While I was training teachers, my community was faced with a growing HIV epidemic. There was no treatment or testing accessible. There was a lot of stigma; it was considered a disease of gay men in the Western world, so people didn’t speak about it. But there were people sick and dying — a lot of teachers whose funerals I attended. My host sister died from HIV. It was devastating. That was the impetus for me to go down the track of public health. I realized that the real threat to the education system — and to the majority of the young, viable, productive populations of the country — was HIV. I got involved in doing HIV prevention work and education, collecting teaching aids and materials that I could share within the community.

    Over a decade later, I found myself once again in Namibia working for another organization and witnessed significant improvements in access to treatment. At one clinic there was an HIV-positive woman seeing her doctor; she gave me her baby to hold. The baby was HIV negative. They had the knowledge and treatment available to provide the mother with antiretroviral therapy so she could avoid transmitting HIV to the baby during birth and breastfeeding. It was one of those moments in my life when I thought, We’re doing something right.

     

    They had the knowledge and treatment available to provide the mother with antiretroviral therapy so she could avoid transmitting HIV to the baby during birth and breastfeeding. It was one of those moments in my life when I thought, We’re doing something right.

     

    In 2000, I went to Guinea as a Crisis Corps Volunteer seconded to the International Rescue Committee, which was responsible for providing housing, nutrition, education, and psychosocial support for Liberian and Sierra Leonean refugees. Speaking French was one key criteria; the other was being a Returned Peace Corps Volunteer — able to hit the ground running. Being professional and flexible, able to develop relationships and trust in communities where you’re working — and do anything required with minimal support within hardship areas.

     

    Refugees in Guinea

    Child refugees in Guinea, where Lily Asrat worked as a Crisis Corps Volunteer seconded to the International Rescue Committee, responsible for providing housing, nutrition, education, and psychosocial support. Photo by Lily Asrat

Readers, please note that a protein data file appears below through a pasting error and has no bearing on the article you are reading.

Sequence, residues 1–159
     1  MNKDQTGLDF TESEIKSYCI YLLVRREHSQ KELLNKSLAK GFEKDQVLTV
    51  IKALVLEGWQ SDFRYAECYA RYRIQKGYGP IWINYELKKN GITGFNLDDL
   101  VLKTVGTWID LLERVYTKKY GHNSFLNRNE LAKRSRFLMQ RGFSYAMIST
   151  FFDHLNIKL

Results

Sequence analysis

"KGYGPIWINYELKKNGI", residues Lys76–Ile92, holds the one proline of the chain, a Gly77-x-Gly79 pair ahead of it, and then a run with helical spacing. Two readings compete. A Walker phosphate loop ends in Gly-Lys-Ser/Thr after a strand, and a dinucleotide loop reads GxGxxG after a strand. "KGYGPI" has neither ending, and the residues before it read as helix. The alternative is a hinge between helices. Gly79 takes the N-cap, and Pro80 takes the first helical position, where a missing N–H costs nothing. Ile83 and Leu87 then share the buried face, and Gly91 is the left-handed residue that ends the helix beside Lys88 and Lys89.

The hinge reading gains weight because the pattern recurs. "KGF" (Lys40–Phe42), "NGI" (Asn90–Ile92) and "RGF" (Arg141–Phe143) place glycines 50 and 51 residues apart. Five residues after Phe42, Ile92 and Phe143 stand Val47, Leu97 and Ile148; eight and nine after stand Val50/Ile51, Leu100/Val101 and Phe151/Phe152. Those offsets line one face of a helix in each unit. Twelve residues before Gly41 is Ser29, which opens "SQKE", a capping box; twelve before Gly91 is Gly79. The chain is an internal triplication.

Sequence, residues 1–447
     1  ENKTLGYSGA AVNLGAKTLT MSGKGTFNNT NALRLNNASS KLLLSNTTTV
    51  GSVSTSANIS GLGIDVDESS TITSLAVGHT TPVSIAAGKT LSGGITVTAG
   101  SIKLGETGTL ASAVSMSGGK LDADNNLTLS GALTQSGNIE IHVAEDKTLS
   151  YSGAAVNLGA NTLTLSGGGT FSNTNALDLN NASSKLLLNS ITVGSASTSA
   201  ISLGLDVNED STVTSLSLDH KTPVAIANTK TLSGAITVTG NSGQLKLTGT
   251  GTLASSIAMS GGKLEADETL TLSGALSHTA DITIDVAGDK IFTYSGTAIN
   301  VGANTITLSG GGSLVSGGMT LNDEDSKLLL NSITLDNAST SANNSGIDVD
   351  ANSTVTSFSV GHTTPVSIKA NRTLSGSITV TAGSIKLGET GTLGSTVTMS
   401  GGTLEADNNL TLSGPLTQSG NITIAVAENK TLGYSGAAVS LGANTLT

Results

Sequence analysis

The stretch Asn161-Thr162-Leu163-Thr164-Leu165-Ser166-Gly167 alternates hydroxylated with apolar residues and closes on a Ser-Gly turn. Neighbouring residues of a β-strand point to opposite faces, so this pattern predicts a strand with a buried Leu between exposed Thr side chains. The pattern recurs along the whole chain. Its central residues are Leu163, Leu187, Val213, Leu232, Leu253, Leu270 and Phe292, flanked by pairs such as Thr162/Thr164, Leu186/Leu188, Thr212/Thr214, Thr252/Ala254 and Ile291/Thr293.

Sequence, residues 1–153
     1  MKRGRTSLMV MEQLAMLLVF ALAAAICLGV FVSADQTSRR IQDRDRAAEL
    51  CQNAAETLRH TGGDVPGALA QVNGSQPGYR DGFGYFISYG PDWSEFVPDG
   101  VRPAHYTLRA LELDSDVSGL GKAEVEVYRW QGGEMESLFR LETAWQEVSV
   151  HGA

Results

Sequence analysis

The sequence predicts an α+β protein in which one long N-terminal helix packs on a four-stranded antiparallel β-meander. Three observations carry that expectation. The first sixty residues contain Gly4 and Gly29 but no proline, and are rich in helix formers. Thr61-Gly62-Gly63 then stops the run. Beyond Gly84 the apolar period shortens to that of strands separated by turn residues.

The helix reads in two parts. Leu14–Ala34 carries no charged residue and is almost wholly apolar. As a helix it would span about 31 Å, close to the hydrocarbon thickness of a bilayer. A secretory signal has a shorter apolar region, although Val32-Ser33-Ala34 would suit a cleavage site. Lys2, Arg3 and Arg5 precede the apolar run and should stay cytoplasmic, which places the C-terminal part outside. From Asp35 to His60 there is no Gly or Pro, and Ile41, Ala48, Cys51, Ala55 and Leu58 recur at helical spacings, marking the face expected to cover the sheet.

We had an entire stock of food intended for refugee kids that was stolen overnight. It was clearly an inside job; the people responsible for guarding it had disappeared. Those moments are heartbreaking — but not so uncommon. I sought out immediate solutions, using our resources to help navigate that crisis. While the theft of food intended for refugee children was difficult, we also had many examples of wonderful community engagement such as the groups of women who volunteered on a daily basis to cook, distribute, and clean up. They put time, effort, and love into preparing meals for those kids. They made the hardships worth the effort. 

    By the time I served as a Response Volunteer in Eastern Caribbean (St. Lucia), I had worked at the CDC for three years, had two more master’s degrees, and I’d been in my doctoral program at U.C. Berkeley, studying public health; it was an opportunity to apply my training and experiences, and give back in a different way. I was placed at the National AIDS Program Secretariat to support strategy and guidance, monitoring and evaluation, and planning and grant writing. I have been very lucky in my career to have worked for three government agencies, several multilaterals, and prestigious academic institutions, but nothing has been as rewarding for me as my three stints as a Volunteer in Namibia, Guinea, and St. Lucia.

     

    This is part of a series of stories from Crisis Corps and Peace Corps Response Volunteers and staff who have served in the past 25 years.

     September 06, 2021
  • Orrin Luc posted an article
    Short-term, high-impact. Now marking 25 years since its founding. see more

    Short-term, high-impact. Now marking 25 years since its founding.

     

    By Steven Boyd Saum

    Photo by Christian Farnsworth

     

    A quarter century ago, at a midsummer White House Rose Garden ceremony attended by President Bill Clinton and Sargent Shriver, first director of the Peace Corps, a new type of Peace Corps service was announced to the world: Crisis Corps. Short-term, high-impact, it was, as then-Peace Corps Director Mark Gearan explained, “an effort to harness the enormous experience, skills, motivation, and talents that the Peace Corps, including its returned Volunteer ranks, possesses, and bring them to bear in an organized fashion during such crisis situations.”

    At the outset, all Crisis Corps Volunteers were required to have already served in the Peace Corps. In fact, the program traces much of its origins to grassroots work by returned Volunteers. The National Peace Corps Association Emergency Response Network, activated to help in the aftermath of the Rwanda genocide in 1994, provided powerful inspiration.